Johannesburg — These are clearly desperate times for 2013 Orange Nations Cup hosts South Africa.
Just before the Bafana Bafana try to demonstrate whether or not they can match their country's belief of emulating that 1996 feat that saw them march all the way on home soil, there is a wave of panic that has crept into the host nation, threatening to derail the team's confidence in Africa's prestigious showpiece that rolls off with pomp today.
Apart from South Africa President Jacob Zuma, few South Africans seem to believe in the Bafana Bafana!
Not even the media here, who have fallen out with the team's head coach Gordon Igesund and are projecting humiliation given the team's free fall in the last decade.
Igesund has always had an obsession of keeping is players away from the spotlight. But it took absurd proportions two weeks ago when he imposed a media and fans' blackout on the team ahead of today's explosive opening fixture against Cape Verde.
The idea will of course allow his charges focus on the assignment ahead but it goes without saying that Igesund has set himself up for a major fall with his snappy attitude and paranoid behavior should Bafana fail to progress out of Group A that also includes Angola and Morocco.
He seems riled by the barrage of criticism that he and his side have faced since their dull draw against Algeria last Saturday.
Early this year, Igesund was mandated to make at least the semi-finals of the tournament. But the immediate objective has to a winning start in front of a sell-out crowd at the National Stadium.
South Africa's main problem has been their malaise in front of goal and the home fans proved their fickle nature booing the Bafana, who were abject in their games against Algeria and Norway.
What some of the home fans have desperately decided is draw confidence from their 6-1 win registered on Tuesday during their practice session against local club Moroka Swallows.
Cape Verde have significantly improved since their 2-1 defeat to South Africa in Praia in 2005. They almost made it to last year's tournament, but brought down Cameroon in a play-off, as they qualified for South Africa 2013.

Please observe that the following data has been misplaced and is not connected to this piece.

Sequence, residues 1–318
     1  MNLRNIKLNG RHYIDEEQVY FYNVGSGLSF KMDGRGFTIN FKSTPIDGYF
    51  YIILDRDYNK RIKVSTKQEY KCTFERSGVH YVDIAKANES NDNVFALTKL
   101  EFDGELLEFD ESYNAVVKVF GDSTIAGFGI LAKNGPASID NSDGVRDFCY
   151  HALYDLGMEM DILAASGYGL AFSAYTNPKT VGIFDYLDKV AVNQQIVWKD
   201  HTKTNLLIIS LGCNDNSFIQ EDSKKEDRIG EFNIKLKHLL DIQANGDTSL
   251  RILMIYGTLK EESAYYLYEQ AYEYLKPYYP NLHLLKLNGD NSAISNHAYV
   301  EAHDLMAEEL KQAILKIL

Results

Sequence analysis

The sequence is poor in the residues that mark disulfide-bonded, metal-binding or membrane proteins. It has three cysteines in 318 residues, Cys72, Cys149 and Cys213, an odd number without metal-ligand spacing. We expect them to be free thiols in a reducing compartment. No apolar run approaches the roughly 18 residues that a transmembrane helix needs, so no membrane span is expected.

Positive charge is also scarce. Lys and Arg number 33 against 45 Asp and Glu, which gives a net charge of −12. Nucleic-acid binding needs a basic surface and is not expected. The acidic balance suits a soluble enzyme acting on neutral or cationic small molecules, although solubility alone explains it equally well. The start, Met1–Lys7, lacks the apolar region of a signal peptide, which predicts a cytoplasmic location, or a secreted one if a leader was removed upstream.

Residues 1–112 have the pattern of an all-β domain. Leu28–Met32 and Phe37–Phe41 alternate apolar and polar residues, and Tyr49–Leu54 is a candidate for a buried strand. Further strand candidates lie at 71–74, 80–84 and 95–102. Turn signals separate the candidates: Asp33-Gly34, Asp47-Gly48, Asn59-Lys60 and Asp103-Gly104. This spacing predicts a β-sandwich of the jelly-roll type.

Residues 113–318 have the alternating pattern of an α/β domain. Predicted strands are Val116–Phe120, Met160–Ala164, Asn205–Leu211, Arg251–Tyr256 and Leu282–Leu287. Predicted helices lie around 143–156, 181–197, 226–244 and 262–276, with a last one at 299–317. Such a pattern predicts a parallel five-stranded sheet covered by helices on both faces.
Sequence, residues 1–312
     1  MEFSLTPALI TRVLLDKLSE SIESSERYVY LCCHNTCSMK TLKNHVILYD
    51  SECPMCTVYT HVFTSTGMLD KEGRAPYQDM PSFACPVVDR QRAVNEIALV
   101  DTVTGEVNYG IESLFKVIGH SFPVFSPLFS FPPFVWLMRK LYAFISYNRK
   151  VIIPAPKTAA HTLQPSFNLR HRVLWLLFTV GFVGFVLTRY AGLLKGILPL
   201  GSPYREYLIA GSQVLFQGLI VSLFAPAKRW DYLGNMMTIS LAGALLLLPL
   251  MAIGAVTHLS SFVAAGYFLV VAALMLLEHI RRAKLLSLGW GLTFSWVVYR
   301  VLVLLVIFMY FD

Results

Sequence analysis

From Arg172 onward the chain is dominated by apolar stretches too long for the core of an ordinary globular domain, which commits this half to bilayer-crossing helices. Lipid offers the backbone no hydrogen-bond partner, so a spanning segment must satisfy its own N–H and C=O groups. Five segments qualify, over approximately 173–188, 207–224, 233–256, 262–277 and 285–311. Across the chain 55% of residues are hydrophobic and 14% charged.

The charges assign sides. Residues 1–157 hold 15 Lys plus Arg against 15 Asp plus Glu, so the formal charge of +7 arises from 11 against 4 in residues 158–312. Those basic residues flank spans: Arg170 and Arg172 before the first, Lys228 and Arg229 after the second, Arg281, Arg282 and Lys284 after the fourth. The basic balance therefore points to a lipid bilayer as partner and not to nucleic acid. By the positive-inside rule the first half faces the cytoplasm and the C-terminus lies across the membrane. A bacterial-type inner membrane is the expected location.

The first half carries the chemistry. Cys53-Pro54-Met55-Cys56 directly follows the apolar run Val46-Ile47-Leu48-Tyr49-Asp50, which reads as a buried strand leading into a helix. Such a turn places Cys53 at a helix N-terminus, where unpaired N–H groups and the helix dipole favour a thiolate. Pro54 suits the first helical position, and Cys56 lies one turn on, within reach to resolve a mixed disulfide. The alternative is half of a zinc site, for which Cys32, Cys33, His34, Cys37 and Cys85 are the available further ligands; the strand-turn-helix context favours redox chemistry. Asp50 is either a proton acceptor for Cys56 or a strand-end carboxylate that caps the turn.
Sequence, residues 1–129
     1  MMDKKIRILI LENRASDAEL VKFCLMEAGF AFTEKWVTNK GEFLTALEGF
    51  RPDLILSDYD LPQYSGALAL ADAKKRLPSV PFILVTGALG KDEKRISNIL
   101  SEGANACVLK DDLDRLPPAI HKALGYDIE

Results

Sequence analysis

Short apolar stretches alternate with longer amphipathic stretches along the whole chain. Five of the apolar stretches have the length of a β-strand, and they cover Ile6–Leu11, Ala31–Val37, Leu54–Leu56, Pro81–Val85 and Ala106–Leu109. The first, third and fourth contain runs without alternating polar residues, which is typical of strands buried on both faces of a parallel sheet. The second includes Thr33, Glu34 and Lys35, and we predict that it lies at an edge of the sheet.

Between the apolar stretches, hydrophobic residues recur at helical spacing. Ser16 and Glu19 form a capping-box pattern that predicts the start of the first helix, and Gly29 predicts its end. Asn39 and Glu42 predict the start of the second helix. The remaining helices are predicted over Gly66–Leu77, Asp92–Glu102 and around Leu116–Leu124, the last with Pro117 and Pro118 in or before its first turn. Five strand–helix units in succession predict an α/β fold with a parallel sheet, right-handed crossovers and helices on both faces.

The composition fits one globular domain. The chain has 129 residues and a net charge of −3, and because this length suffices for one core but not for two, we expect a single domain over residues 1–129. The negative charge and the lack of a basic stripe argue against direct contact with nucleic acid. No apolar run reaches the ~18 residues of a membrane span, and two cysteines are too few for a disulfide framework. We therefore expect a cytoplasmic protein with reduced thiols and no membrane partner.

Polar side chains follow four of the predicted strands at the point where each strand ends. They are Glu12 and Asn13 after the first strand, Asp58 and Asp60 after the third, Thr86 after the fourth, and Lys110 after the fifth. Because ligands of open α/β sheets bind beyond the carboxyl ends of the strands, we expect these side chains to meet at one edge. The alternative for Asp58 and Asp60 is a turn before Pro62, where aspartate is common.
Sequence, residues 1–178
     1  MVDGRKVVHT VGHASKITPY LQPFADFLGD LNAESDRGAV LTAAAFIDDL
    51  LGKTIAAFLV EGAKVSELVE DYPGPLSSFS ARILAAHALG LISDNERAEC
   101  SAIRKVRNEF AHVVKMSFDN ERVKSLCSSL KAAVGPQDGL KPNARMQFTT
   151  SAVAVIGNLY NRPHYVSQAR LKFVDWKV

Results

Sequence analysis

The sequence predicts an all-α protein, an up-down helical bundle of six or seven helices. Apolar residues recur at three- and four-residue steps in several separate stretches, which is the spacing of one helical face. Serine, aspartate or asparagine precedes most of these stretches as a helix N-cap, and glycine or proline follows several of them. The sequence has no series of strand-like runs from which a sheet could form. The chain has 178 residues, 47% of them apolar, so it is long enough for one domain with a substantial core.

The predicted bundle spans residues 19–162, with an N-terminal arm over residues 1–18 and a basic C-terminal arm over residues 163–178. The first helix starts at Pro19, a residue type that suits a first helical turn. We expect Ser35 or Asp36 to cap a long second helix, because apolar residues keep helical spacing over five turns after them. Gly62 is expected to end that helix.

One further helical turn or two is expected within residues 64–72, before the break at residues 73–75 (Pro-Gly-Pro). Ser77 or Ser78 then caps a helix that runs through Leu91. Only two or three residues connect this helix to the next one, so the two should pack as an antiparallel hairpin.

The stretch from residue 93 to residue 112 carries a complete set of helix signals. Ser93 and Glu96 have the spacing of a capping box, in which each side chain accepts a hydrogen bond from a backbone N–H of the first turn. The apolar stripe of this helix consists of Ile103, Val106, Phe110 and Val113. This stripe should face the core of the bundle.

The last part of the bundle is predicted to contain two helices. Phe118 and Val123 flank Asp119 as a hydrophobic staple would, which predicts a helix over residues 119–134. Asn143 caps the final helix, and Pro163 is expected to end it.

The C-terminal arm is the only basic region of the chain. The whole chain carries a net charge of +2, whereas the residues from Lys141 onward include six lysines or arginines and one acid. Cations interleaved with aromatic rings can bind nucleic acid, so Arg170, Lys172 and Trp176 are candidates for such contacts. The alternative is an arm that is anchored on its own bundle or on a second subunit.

Perhaps Igesund can draw encouragement from Jomo Sono's success story of 1998 when he was the most unpopular man ahead of the tournament in Burkina Faso.
"There was no single supporter at the airport to bid the team farewell as we departed for Burkina Faso. We could only see a cat running around. It bid us farewell," Sono recalled on Friday.
But the Bafana were later hailed as heroes having reached the final and lost to Egypt.
Police face a very challenging day
Off the pitch, Police will yet again confront one of their most challenging days ever since the 2010 World Cup.
With the swell of happiness and expectation; with the surge of joy and hope in the build-up to the tournament, precautionary measures have been a must.
Emergency services are bracing themselves for one of the busiest days of the year today as South African and Cape Verde fans rush to get in front of television screens before indulging in wild celebrations or bitter drink-fuelled mourning.
Police and road safety experts are doing everything possible within their means to curb crime, motorists expected to drive recklessly and aggressively as they race home, to the pubs or into the National Stadium for the grand opening ceremony.
It is has not been confirmed if ailing statesman Nelson Mandela will attend the opening ceremony or at least be heard in a recorded speech.